“I believe in magic,” says a bright-eyed 50-year-old man in all seriousness. A fan is humming in a sunlit studio filled with glistening rocks of all shapes, sizes and colors, and I’m not sure where I am or what to say so he goes on. “I think witches are the original pharmacologists, you know?”
Tom Shope, owner of The Portal on 7th Street, is methodically polishing his collection of metaphysical stones and crystals and nodding at me affirmatively. But no, I most certainly do not know.
He drifts on to say something about wizards and warlocks and things out of this world and over my head so I steer him back to the shop and the stones and ask about who his clients are. Mostly advanced yoga teachers and reiki energy healers, he says. Sounds about right.
Shope started selling stones out of his home here in the shop on 7th in 2005, originally operating under the business name Opal Tom since he specializes in opals and his name is Tom. Seems straightforward enough but after having to explain the back story of that name one too many times, he changed the store to The Portal and has been operating as such since 2008.
“It just made sense because that’s what we’re doing here,” he explains. “Opening new realms to people, new realities.”
I don’t know a lot about the healing power of crystals and stones but I do know friends in the Charlotte yoga world (and some celebrities) who swear by them.
I try to get Tom to explain which ones mean what but he says they’re different for every person. As for him, he’s wearing a simple dark-green, almost black crystal on a chain around his neck. Moldavite, he explains, is The Holy Grail Stone, formed from a meteoric impact in the Czech Republic and known for its high vibration and psychic protection.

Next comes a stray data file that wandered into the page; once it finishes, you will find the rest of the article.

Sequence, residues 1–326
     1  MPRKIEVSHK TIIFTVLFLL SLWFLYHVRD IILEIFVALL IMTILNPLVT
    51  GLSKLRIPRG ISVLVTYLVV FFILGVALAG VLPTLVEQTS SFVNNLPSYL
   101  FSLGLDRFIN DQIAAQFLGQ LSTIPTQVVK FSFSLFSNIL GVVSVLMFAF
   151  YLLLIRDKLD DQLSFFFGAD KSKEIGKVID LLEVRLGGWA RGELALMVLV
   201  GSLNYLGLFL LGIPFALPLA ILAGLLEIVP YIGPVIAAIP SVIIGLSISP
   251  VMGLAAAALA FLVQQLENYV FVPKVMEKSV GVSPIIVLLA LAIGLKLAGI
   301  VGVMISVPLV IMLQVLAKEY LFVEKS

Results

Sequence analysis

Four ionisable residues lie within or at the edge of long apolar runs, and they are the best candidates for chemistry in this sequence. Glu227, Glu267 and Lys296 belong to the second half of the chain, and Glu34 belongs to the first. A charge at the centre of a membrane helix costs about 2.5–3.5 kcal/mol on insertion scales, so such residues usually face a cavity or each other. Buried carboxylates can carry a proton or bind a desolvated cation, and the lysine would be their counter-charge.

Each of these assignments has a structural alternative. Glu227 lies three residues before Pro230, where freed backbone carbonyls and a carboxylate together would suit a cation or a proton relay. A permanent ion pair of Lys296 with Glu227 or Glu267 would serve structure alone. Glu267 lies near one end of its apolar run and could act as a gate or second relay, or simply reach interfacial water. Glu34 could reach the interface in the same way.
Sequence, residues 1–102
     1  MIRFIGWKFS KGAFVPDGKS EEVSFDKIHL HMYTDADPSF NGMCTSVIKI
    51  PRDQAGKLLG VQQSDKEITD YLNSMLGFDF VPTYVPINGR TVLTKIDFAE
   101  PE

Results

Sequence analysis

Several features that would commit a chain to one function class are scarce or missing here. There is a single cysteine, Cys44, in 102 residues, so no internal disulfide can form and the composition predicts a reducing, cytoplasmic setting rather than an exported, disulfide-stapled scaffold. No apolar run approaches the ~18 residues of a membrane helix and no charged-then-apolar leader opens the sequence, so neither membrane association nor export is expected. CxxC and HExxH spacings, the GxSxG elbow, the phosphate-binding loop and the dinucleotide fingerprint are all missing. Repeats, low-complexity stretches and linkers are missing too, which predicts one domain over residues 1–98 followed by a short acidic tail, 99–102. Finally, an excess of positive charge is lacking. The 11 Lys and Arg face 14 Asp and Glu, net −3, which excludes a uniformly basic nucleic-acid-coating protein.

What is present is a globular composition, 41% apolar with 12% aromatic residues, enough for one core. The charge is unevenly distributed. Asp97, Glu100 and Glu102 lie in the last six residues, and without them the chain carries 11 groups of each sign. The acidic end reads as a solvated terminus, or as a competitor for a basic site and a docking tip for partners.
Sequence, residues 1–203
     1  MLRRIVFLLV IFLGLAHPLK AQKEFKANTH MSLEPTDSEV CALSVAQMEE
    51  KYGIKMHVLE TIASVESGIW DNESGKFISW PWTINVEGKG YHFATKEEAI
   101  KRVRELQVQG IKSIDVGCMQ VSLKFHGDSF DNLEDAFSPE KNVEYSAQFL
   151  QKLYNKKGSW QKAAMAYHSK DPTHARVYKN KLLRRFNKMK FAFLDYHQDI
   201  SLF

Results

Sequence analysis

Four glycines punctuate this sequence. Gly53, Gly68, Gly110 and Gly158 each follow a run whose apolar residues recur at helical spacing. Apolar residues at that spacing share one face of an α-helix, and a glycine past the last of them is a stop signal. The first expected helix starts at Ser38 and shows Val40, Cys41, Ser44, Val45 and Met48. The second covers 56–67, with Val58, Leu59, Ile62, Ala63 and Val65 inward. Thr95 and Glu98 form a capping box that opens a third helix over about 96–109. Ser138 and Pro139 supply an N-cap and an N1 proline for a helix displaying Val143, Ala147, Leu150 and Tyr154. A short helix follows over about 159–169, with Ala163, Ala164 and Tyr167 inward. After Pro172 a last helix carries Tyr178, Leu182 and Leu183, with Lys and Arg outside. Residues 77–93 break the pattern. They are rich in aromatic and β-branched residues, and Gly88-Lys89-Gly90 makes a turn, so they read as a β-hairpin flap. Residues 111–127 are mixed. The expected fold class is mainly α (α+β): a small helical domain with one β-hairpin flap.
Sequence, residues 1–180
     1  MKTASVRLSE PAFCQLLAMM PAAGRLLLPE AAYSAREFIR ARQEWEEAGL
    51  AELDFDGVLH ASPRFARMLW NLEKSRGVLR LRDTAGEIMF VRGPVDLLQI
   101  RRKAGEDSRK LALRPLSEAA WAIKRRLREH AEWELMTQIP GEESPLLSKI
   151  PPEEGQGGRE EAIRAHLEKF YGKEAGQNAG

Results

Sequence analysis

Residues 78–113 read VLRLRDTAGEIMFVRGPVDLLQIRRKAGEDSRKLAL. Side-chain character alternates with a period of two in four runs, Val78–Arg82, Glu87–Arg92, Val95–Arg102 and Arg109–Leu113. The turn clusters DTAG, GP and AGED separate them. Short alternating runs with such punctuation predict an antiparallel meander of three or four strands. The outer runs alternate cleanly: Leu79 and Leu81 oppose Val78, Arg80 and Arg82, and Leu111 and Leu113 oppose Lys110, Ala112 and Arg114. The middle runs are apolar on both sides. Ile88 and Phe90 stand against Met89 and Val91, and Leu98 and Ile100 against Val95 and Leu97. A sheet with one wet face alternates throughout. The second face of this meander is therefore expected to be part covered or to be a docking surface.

“I’m not OCD about it but I keep a bag of crystals in my car,” he says. “If I’m going somewhere I might take some out and put them in my pocket. I believe they are powerful.”
In addition to selling naturally formed crystals, Tom also makes jewelry and cuts gemstones, an incredibly tedious and time-consuming task that reaps little reward more than personal satisfaction because he says he’s not really in it to strike it rich.
“I steer clear of high-pressure sales pitches,” he says. “I’m not here to make a bunch of money. I just like the science.”
Tom says he’s been into this kind of science since he was a kid and that he’s read every single National Geographic published in his lifetime. But there’s clearly more to it for him than geology.
“I believe in a higher power, call it god or whatever you want,” he says. “You look around and there’s all of this stuff here on earth and it’s for us. We get to have it. And if you hit quartz with a hammer it shoots sparks. There’s something in there. There’s power in there.”
He’s such a nice guy, so into what he does and so obviously appreciated by those who get it and misunderstood by those who don’t. He says the cops have given him trouble for his once long hair and, oh you know, the fact that he has acid on hand at all times. Legal and for cutting the stones, he points out.
Behind the counter are two big photos of his 14-month-old daughter. He goes on and on about her milestones and how she knows her colors and what a surprise a baby was at 50 and how he just wants to be a good dad. On another wall is a photo series of a cat with a pile of crystals. I ask if it’s his and he says no, that it’s a beloved deceased pet of one of his clients. She had tried to ease that cat’s passing with healing crystals.
On my way out the door Tom writes his number on a card for me, lamenting the price gouging and lack of security in the mobile phone market.
“Oh yeah I’d never do banking on my phone, are you crazy? That’s completely crazy,” he says.